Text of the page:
Friday, January 18, 2008

Notice of Variance Must Prompt Parties to Make Arguments

US v. Fancher: Fancher was investigated by police after reports that he had sexually molested a nine-year-old girl. During the investigation, authorities uncovered numerous images of child pornography in Fancher's home. Fancher pleaded guilty to one count of possession of child porn. Due to a previous conviction for sexual abuse of a minor, Fancher's statutory sentence was between 15 and 40 years in prison.

Prior to sentencing, the probation officer calculated Fancher's Guideline range to be 180-210 months. The PSR mentioned "mitigating" factors and also that "[g]iven the defendant's criminal history and the ages [of] and relationship to his victims[,] the Court may which to consider a sentence pursuant to [3553(a)] to meet the objectives of sentencing." After the PSR was completed, the probation officer was contacted by the mother of a 16-year-old girl to whom Fancher had been writing letters while incarcerated proclaiming his love for her and requesting (among other things) that she send him pictures. At sentencing, Fancher argued for a 180-month sentence, while the Government sought a 210-month sentence. Concluding that Fancher was beyond rehabilitation, the district court imposed the maximum sentence of 480 months in prison.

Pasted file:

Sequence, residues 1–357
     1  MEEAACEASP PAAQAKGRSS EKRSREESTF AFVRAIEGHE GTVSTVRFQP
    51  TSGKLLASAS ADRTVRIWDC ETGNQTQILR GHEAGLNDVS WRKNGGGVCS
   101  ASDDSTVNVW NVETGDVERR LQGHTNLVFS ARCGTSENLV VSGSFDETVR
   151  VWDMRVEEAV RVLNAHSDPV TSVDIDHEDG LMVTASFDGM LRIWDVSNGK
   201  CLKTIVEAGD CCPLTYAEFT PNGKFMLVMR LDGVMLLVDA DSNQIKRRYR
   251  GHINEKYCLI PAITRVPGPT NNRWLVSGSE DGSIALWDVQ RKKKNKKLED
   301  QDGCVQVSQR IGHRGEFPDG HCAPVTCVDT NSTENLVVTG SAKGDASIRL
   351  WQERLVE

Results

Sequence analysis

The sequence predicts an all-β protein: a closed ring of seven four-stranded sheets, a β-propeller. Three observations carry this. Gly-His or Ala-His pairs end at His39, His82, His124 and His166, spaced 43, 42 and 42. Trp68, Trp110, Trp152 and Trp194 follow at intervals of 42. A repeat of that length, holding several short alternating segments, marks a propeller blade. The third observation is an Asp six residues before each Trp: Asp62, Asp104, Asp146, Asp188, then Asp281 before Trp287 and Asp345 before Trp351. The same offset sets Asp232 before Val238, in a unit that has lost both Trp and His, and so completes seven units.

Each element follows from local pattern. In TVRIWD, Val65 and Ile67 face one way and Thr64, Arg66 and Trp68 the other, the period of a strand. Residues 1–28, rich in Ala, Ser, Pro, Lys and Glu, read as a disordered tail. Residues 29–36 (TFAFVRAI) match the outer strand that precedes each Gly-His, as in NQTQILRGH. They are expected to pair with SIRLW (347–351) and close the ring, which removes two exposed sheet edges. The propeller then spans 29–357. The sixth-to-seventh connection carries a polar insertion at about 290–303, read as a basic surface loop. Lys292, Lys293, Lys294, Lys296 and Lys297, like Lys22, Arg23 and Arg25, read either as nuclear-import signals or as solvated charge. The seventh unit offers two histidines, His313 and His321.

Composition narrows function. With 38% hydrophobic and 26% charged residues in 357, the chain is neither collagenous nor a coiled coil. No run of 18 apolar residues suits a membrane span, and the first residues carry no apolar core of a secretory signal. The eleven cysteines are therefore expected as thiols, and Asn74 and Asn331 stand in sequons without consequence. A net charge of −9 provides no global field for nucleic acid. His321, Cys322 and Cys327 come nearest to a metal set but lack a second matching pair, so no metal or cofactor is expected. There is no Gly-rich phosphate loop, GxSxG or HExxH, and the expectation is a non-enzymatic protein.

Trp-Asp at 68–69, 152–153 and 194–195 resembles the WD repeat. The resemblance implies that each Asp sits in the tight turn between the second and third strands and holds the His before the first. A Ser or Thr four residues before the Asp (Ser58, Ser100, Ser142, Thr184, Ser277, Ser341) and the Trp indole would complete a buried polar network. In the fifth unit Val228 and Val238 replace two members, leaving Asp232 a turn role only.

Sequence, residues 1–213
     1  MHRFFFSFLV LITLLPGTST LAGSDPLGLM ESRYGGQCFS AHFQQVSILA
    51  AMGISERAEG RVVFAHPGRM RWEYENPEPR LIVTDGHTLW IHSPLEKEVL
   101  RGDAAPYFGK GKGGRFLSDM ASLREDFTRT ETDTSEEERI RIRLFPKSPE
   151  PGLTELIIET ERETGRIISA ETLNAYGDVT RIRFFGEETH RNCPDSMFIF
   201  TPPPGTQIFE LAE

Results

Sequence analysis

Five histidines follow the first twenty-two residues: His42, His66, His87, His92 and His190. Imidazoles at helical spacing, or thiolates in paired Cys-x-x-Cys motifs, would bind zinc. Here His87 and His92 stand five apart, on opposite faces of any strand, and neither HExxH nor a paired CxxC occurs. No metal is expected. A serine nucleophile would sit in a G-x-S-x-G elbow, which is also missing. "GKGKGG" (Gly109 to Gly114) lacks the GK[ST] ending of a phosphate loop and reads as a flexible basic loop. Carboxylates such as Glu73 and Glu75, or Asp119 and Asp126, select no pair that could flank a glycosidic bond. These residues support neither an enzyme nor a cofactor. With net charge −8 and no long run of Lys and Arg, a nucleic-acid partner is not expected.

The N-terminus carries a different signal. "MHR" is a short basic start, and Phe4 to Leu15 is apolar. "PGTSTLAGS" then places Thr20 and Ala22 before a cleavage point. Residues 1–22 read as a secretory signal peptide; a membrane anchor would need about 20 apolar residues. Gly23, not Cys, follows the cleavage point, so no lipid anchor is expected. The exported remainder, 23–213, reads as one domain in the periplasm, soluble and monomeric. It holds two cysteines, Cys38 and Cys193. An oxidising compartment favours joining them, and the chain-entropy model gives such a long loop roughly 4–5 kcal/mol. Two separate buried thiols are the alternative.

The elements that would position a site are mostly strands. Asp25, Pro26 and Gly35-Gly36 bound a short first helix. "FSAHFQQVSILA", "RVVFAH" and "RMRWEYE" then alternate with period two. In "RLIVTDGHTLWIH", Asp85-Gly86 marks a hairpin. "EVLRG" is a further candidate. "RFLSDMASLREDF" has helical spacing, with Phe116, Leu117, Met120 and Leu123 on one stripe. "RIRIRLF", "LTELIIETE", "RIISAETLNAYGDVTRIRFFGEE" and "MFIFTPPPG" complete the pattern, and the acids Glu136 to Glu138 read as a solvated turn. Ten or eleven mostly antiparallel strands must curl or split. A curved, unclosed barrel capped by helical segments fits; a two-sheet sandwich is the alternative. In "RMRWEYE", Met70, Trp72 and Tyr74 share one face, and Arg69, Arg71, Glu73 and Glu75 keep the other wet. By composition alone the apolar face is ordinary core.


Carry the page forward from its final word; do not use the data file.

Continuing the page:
On appeal, the Fourth Circuit vacated Fancher's sentence. Applying US v. Spring, 305 F.3d 276 (4th Cir. 2002), the court held that while the language in the PSR was sufficient to meet the notice requirements of Rule 32(h), it was not adequate to prompt the parties to present arguments about the propriety of a variance. In Spring's words, the PSR "informed counsel that it needed to prepare arguments on this issue, but not that they needed to present them." Applying harmless error review (Fancher objected to the lack of notice after sentence was imposed) and concluding that, based on post-sentencing proffers made by counsel, that the district court's concerns would have been addressed (if not alleviated), the court held that the error was not harmless. Fancher's case was remanded for resentencing.

Nice work by the FPD office in the Northern District of WV on the win!

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